Texas Voices for Reason and Justice, Inc. v. The City of Meadows Place, 14-17-00473-CV (Tex. App. – Houston [14th Dist.] July 19, 2018).
This is a challenge to a sex-offender residency restriction ordinance (SORRO) which the 14th Court of Appeals held is now moot given legislation effective September 1, 2017.
Meadows Place’s SORRO prohibits certain sex offenders from permanently or temporarily residing within 2,000 feet of any premises where children commonly gather. Texas Voices sued Meadows Place asking the trial court to declare the SORRO unconstitutional because Meadows Place, as a general-law city, had no authority to enact it. The City filed a plea to the jurisdiction, which the trial court granted. Texas Voices appealed.
After the dismissal, in the last legislative session, H.B. 1111 created Texas Local Government Code § 341.906 which allows general-law cities to enact such ordinances. In response, Meadows Place passed two ordinances to bring its SORRO into compliance with §341.906. A case is moot when the court’s action on the merits cannot affect the parties’ rights or interests. This includes while the case is on appeal. After Meadows Place came into compliance with §341.906 it possessed the ability to pass and enforce a SORRO. Texas Voices claims focus only on the validity of the ordinance. Therefore, the case has become moot.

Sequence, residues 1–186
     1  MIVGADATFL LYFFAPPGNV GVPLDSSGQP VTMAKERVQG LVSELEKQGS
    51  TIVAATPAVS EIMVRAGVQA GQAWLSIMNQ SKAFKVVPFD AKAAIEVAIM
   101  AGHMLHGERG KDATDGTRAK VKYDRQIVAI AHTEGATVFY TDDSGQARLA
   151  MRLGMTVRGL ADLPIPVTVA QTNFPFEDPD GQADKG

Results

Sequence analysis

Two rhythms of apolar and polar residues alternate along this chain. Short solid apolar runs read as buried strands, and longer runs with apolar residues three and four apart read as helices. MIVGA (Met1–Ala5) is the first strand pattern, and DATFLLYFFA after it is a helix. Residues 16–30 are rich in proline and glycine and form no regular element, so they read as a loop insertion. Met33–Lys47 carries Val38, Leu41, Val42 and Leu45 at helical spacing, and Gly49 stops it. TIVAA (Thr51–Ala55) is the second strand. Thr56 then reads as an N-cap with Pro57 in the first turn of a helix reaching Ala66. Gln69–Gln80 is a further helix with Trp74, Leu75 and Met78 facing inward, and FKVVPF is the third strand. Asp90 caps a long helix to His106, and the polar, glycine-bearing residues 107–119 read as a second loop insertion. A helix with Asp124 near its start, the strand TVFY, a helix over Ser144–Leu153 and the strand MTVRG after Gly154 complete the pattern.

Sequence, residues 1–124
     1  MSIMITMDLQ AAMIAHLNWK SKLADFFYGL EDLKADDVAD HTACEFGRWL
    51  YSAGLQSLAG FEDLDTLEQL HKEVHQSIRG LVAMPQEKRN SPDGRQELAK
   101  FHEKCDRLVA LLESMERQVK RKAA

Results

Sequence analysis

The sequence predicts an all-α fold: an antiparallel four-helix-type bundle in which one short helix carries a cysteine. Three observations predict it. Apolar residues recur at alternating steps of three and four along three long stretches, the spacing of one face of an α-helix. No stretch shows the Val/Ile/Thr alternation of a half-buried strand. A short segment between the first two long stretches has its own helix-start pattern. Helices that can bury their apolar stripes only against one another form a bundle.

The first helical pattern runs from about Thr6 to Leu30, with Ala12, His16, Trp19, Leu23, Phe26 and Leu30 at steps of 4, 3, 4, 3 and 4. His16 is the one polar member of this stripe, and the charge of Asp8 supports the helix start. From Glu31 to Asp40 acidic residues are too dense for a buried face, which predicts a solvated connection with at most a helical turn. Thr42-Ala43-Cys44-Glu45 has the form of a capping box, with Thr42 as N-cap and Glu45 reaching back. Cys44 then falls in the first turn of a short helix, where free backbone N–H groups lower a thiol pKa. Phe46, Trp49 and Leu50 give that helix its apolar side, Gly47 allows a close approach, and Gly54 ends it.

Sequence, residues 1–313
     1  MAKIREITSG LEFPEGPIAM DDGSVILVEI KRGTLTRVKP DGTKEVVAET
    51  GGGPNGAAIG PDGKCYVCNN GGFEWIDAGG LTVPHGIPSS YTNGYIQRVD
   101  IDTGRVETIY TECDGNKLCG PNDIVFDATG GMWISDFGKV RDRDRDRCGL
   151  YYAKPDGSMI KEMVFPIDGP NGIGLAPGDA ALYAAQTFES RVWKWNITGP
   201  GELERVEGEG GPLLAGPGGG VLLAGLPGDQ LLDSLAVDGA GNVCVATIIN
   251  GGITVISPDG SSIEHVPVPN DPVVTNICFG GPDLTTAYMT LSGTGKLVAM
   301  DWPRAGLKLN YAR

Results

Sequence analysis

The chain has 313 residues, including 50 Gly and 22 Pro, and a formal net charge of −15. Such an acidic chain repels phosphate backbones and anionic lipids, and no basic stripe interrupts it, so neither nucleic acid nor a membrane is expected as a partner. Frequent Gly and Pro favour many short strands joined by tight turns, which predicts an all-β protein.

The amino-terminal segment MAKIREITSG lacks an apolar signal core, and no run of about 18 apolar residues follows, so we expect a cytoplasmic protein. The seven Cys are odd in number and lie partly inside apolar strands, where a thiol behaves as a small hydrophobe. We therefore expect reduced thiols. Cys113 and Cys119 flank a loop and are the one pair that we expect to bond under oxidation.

If you would like to read this opinion click here. Justice Boyce, Justice Jamison and Justice Donovan. Memorandum Opinion Per Curiam. The attorneys listed for the City are Judith Lamoreux El Masri and J. Grady Randle. J the attorney listed for Texas Voices is Richard Scott Gladden.